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Over 50s Encouraged to Increase Physical Activity

active lifestyleThree quarters (77%) of Australians over 50 say they are committed to living a healthy and active lifestyle, yet almost half have decreased their level of physical activity in the past five years, according to new research.

Worryingly, the research found that almost a quarter (22%) of those who had decreased their level of physical activity admitted to being very inactive.

Health expert Dr Ross Walker said: “You’re never too old to exercise and most physical activity can be modified to accommodate injuries or weakness so there’s always a way to stay active, no matter what your age.”

“To maintain a healthy and active lifestyle in your 50s and beyond, the key is to focus on changing the nature of what you do as you get older, instead of just reducing the amount of what you currently do”.

Dr Walker suggested opting for lower impact forms of exercise: “These can be easier on the body while still providing all the benefits of more vigorous physical activity. For example; people who love to run or play tennis should try mixing up their exercise routine with different types of activities such as walking, cycling or swimming, to take the stress off their hip bones and joints.

 “Mindfulness exercises such as yoga, tai chi or qigong are undeniably important as well as they cultivate health, reduce stress and can be done at any age or fitness level.”

Dr Walker warned that over 50s who don’t maintain a regular exercise program risk missing out on the important health benefits.

“Keeping yourself physically active is one of the best ways to increase your chances of aging well, as it helps to maintain and increase joint and muscle movement, strengthen bones and prevent falls and injury. Regular exercise is also vital in preventing many age related diseases including: type 2 diabetes, heart disease, high blood pressure, stroke, cancer, Alzheimer’s disease, and depression. And best of all it makes you feel good, through the release of endorphins, and is a great way to relax and unwind.”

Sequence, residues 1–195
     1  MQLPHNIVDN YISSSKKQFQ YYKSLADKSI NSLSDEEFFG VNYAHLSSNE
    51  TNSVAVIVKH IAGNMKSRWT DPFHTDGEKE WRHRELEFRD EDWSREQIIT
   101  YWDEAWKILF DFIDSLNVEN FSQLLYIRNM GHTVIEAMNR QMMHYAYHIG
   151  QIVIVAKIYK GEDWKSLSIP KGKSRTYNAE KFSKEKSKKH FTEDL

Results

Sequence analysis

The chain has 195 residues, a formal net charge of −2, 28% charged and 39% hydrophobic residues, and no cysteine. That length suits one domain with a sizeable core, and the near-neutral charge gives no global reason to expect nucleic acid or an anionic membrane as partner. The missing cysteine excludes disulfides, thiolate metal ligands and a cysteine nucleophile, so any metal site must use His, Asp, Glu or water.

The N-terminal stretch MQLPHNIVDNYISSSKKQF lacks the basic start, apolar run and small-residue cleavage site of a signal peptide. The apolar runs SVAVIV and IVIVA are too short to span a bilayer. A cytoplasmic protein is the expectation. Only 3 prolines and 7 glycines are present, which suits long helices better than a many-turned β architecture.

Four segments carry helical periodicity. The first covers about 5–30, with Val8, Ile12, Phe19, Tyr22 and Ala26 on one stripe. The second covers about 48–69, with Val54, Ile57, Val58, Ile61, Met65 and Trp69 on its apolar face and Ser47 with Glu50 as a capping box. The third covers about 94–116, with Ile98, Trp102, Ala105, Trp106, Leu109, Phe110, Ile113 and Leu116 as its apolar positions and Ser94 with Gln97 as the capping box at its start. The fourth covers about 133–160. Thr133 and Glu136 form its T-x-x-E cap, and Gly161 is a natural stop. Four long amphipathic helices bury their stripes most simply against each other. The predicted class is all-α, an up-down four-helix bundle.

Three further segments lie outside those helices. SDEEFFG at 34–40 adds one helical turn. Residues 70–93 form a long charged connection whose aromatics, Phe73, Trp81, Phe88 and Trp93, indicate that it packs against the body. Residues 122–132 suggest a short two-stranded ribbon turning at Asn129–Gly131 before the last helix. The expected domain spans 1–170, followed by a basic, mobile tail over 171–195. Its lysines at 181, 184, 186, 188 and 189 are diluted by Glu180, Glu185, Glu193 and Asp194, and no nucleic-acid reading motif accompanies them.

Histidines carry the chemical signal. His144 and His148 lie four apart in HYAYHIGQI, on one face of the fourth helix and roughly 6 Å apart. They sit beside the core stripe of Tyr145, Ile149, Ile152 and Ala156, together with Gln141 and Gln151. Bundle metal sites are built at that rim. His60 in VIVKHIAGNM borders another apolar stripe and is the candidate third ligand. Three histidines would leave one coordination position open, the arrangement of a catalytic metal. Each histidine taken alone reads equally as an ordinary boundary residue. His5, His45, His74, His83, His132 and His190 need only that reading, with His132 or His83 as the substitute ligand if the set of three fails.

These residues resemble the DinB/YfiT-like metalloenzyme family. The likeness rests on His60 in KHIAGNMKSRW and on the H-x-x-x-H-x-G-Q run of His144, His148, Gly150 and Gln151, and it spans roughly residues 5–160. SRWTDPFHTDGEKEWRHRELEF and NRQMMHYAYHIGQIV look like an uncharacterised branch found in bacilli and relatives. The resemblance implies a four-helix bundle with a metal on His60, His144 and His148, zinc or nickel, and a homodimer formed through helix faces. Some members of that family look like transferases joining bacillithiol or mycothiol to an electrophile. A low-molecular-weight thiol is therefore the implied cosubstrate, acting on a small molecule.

“A regular exercise program ought to include a combination of cardio or aerobic training, but also regular strength and resistance training,” he advised.

Dr Walker urged older Australians to undertake at least 30 minutes of exercise daily, which raises the heart rate, and provided the following simple tips to help stay fit and healthy:

  • Incorporate small incremental exercise into your daily routine to increase activity levels. For example; where possible take the stairs instead of the elevator, try walking instead of driving to the local shops and do stretches or sit on an exercise bike while watching TV.
  • Mix up the type of activities you do to ensure you don’t get bored, and remember to combine resistance and strength training with low impact activities such as swimming, cycling & yoga.
  • Find a hobby which involves physical activity. We’re much more inclined to do the things we find enjoyment in.
  • Stay active and socialise at the same time by joining a gym, fitness group or cycling and walking meet-ups in your local area.
  • If you haven’t done much exercise for a while, it’s important to gradually build up activity levels to prevent injury and allow yourself time to regain strength and flexibility.
  • And remember to have a thorough check-up with your doctor before commencing any intensive exercise program.


The research was carried out by insurance company Apia.



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Alana Lowes

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